An earthquake monitoring device for schools has been installed at Rangi Ruru Girls’ School in Christchurch as part of a University of Auckland outreach programme to show high school-aged students the wonders of science.
The monitoring device, called the TC1, was designed and developed by Department of Physics senior lecturer Dr Kasper van Wijk in collaboration with Boise State University in the US.
The vertical seismometer sits within a glass case so that its inner workings can be clearly seen and it registers earthquakes of 4 and higher locally, and 6 or higher worldwide. It follows the principle of open hardware and software so that schools can install them themselves.
Dr van Wijk says the beauty of the seismometer is its simple and sturdy design, joking that it is suitable for “kids of all ages, from five to 80.
“More traditional seismometers are horizontal while the TC1 is vertical but we needed a device that could withstand a bit of rough and tumble in the classroom and this one is simple and robust while also having a meaningful level of detection.”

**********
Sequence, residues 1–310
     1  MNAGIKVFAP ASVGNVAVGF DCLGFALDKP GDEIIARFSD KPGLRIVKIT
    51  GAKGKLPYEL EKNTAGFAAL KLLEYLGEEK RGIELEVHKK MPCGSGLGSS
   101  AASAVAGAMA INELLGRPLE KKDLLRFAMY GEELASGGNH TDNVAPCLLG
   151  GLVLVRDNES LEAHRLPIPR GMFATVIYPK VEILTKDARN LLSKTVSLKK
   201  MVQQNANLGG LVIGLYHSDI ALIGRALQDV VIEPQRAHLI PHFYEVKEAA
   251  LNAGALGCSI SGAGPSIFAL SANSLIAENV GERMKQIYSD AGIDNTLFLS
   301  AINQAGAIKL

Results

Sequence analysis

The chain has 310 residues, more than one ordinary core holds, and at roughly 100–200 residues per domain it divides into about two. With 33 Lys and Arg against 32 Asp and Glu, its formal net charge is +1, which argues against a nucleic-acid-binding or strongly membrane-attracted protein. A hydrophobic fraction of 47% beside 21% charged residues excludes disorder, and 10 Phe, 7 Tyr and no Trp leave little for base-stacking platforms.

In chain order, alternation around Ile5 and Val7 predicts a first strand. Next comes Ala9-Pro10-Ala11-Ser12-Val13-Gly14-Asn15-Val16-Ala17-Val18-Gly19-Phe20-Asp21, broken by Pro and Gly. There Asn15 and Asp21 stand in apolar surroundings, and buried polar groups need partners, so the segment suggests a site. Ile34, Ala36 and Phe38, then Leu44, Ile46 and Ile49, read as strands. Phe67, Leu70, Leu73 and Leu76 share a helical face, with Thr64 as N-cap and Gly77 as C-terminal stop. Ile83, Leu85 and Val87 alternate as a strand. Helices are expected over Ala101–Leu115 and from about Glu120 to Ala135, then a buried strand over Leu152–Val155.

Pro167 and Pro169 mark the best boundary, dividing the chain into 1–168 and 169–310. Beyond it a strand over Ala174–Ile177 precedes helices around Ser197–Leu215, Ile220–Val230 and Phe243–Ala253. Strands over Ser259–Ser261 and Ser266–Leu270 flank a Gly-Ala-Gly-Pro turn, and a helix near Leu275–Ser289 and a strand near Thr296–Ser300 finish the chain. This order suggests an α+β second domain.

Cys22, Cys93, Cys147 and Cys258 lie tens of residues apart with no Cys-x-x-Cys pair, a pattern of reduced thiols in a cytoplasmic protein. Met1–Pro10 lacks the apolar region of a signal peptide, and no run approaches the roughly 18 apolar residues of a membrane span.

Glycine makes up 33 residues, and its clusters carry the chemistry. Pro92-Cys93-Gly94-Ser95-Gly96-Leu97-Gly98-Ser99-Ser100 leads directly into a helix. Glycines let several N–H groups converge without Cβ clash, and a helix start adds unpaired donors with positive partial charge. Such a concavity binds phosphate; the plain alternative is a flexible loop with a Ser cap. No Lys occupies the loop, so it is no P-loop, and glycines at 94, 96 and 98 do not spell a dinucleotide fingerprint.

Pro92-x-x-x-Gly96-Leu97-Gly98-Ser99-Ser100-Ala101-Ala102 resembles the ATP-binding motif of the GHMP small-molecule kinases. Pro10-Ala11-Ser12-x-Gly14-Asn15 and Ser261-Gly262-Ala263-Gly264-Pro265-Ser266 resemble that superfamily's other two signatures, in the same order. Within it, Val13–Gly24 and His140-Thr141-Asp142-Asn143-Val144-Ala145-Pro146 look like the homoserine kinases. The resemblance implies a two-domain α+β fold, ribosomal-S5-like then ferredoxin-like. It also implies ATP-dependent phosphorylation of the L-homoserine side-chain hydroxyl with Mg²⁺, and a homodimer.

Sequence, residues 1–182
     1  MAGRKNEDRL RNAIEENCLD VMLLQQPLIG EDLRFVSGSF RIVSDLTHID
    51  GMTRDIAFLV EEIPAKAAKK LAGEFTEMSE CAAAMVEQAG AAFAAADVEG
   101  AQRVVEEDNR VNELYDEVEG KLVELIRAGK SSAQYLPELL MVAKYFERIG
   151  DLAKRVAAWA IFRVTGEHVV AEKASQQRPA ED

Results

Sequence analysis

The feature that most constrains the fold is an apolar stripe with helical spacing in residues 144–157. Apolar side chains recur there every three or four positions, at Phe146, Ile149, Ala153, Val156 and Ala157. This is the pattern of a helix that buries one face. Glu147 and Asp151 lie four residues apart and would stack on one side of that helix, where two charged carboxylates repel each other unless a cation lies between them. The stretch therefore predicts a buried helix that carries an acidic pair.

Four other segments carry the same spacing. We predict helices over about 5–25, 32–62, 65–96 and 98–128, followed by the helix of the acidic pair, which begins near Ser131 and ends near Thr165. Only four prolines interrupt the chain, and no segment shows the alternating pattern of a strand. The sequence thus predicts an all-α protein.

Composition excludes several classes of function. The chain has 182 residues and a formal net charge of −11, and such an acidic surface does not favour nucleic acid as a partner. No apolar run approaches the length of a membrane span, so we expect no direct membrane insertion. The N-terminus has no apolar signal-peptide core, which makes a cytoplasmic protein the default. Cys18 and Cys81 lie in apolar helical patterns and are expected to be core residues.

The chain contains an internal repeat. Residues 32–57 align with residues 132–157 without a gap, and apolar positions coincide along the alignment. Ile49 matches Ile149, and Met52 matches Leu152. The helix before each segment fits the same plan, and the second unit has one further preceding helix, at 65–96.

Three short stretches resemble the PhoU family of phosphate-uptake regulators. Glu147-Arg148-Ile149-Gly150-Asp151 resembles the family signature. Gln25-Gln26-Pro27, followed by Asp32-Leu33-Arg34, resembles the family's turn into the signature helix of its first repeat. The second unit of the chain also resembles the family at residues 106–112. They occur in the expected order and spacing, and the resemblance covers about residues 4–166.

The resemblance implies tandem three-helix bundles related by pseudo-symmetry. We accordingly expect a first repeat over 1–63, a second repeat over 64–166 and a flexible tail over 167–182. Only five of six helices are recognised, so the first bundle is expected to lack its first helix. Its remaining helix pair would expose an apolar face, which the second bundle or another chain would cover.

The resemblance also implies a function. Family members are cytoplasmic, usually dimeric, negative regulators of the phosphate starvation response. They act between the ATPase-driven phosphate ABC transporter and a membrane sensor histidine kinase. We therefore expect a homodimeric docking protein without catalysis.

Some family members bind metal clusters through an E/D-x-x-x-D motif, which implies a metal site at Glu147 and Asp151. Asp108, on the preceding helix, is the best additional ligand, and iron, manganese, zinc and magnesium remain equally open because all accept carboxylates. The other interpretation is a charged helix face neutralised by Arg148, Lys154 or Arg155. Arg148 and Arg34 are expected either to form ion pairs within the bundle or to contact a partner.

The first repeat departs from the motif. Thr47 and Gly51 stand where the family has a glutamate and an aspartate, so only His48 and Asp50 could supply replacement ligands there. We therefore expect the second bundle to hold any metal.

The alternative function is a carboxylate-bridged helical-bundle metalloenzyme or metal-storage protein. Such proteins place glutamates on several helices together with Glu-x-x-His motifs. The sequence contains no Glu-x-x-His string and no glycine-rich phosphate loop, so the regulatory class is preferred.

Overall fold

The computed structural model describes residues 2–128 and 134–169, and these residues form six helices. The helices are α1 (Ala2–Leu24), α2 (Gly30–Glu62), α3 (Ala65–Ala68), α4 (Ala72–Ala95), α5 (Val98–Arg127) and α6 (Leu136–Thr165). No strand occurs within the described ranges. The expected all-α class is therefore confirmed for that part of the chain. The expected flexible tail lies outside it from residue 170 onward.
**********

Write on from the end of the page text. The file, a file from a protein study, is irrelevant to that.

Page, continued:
Seismic activity is displayed on a large screen, with vertical lines jumping suddenly to show earthquake activity. Groups of people jumping in unison are able to watch the screen register violent motion.
The seismometers are being installed in schools nationwide through the University of Auckland’s Seismometers in Schools programme.
“This device is able to give students a real sense of how data works in real-time and is really valuable in teaching the geophysics behind earthquakes and the sensors that detect them,” Dr van Wijk says.
Rangi Ruru principal Julie Moor says the partnership with the university is an exciting one and important in encouraging girls to see science as a viable and exciting career.